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Cultural Adjustment

Cultural adjustment is a process that happens over a long period of time. The process is different for different people, but there are certain stages to the process that most people go through as they adjust to a new culture. Learn more about Cultural Adjustment in the United States below.

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Cultural Adjustment in the United States

When you move to the United States, you may feel excited and nervous. As you settle into your new life in the United States, you will feel different phases of adjustment.  

There are four phases of cultural adjustment. The length and intensity of each phase are different. You may experience the same phase more than once or skip a phase. 

Honeymoon phase: You feel excited and happy about your life in the U.S. 

Culture shock phase: You feel worried and confused as you navigate a new and different community. 

Adjustment phase: You feel more stable in your new community. You are comfortable with everyday activities.   

Mastery phase: You feel more comfortable with your new life and culture. You still may have difficult periods, but you have a sense of belonging. 

Dari Cultural Adjustment

As you adjust to your new life in the United States, use these tips to help you cope with stress and culture shock.

  • Learn English to help you find a job, meet new people, and make friends. 
  • Find connections with others by going to community events, playing sports, or volunteering.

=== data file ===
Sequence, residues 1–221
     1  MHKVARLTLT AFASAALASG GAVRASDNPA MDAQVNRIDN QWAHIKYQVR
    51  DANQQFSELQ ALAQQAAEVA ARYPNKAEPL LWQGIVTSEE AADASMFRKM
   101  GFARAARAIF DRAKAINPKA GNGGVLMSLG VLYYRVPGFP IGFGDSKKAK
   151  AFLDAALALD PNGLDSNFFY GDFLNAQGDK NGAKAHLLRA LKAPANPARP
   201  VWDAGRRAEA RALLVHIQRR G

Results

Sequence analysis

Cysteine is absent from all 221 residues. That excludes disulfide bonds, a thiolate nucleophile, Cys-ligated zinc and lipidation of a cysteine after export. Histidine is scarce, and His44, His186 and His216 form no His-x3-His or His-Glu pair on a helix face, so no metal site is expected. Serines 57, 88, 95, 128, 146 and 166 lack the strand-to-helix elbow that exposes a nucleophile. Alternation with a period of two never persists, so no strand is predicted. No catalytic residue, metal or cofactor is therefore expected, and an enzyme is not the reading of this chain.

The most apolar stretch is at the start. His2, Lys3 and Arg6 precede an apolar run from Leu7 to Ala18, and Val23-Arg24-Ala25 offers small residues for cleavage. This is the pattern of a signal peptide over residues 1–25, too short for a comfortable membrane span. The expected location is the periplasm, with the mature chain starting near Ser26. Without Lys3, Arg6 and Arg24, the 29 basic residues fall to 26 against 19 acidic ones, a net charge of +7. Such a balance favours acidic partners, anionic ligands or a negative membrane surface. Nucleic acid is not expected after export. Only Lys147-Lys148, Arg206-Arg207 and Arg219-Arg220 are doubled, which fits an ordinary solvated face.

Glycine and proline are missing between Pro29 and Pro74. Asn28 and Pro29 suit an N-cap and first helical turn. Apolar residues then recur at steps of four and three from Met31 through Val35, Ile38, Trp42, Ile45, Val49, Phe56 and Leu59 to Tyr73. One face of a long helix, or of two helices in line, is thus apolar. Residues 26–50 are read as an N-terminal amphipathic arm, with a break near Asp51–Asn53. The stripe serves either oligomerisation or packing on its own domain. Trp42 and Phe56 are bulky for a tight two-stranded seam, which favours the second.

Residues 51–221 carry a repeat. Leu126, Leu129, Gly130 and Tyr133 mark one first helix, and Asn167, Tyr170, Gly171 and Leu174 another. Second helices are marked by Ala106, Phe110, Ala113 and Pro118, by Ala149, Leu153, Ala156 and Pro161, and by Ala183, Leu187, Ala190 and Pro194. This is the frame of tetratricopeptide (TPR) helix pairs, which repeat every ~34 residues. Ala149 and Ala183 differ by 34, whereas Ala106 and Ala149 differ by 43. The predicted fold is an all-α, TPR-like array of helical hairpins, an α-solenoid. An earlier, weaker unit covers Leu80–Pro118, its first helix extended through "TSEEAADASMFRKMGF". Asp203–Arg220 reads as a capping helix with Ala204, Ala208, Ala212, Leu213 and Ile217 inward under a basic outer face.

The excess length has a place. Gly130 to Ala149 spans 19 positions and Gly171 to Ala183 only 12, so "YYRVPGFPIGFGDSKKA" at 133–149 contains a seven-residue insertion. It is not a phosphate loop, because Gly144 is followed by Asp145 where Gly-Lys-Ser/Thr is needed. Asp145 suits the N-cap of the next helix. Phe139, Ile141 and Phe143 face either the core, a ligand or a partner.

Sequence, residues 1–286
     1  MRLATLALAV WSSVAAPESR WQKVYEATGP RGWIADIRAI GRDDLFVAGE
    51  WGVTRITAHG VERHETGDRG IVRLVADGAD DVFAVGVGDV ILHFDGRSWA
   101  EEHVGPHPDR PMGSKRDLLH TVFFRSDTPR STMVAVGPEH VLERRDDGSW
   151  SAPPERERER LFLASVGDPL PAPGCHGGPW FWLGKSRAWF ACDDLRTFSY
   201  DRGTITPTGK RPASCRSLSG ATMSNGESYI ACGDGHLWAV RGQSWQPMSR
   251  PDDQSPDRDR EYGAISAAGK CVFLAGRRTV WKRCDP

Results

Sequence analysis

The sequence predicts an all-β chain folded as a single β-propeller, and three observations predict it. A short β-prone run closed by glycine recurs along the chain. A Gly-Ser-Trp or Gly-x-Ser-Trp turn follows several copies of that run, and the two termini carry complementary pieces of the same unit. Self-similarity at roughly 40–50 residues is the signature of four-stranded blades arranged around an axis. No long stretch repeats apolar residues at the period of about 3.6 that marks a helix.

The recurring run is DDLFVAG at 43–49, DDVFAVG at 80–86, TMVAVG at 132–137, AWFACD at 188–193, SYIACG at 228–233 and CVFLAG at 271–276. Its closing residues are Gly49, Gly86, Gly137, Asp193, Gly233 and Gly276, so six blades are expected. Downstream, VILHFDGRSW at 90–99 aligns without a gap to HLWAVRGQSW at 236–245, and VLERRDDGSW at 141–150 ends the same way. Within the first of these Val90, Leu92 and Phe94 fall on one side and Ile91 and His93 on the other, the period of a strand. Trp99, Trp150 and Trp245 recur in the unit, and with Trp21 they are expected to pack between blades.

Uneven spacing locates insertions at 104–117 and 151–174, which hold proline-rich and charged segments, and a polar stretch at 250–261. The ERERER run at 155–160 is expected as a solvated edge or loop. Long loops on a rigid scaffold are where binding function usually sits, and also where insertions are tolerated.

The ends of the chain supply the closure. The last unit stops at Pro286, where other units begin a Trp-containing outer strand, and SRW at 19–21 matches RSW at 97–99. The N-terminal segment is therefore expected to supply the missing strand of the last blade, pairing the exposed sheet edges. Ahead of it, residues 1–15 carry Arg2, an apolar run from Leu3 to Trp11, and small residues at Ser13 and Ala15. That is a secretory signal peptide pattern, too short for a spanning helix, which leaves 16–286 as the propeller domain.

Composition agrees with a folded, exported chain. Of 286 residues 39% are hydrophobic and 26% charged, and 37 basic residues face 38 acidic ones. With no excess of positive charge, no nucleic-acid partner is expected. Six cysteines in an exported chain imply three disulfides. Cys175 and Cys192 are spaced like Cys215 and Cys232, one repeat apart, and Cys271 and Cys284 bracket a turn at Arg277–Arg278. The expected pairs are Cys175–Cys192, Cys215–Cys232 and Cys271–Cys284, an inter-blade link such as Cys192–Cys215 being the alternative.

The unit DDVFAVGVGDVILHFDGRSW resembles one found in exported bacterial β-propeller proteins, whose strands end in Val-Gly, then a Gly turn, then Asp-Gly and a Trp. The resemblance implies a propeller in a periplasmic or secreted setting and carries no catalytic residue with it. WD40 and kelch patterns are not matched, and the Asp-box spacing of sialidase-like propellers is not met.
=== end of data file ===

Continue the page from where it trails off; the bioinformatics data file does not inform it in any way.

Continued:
• Practice and share your cultural traditions. For example, cooking meals from your culture, practicing your religious beliefs, or playing music. 
  • Recognize that family dynamics may change. For example, children may adjust faster. Be patient and communicate openly and honestly with your family members. 
  • Learn some American social norms. For example, did you know that most Americans believe eye contact during a job interview shows respect?  
  • Be tolerant and respectful. In the United States, there are different races, religious views, cultures, and sexual orientations. It’s important to respect others, even if they are different than you.  

It’s important to remember that cultural adjustment is a process. It will take time to adjust to life in your new community. If you need more help, ask your Resettlement Agency.  

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The content on this website is developed by the Cultural Orientation Resource Exchange (CORE), is in the public domain, and may be reproduced. The contents of this website were developed under an agreement financed by the Bureau of Population, Refugees, and Migration, United States Department of State, but do not necessarily represent the policy of that agency and should not assume endorsement by the Federal Government.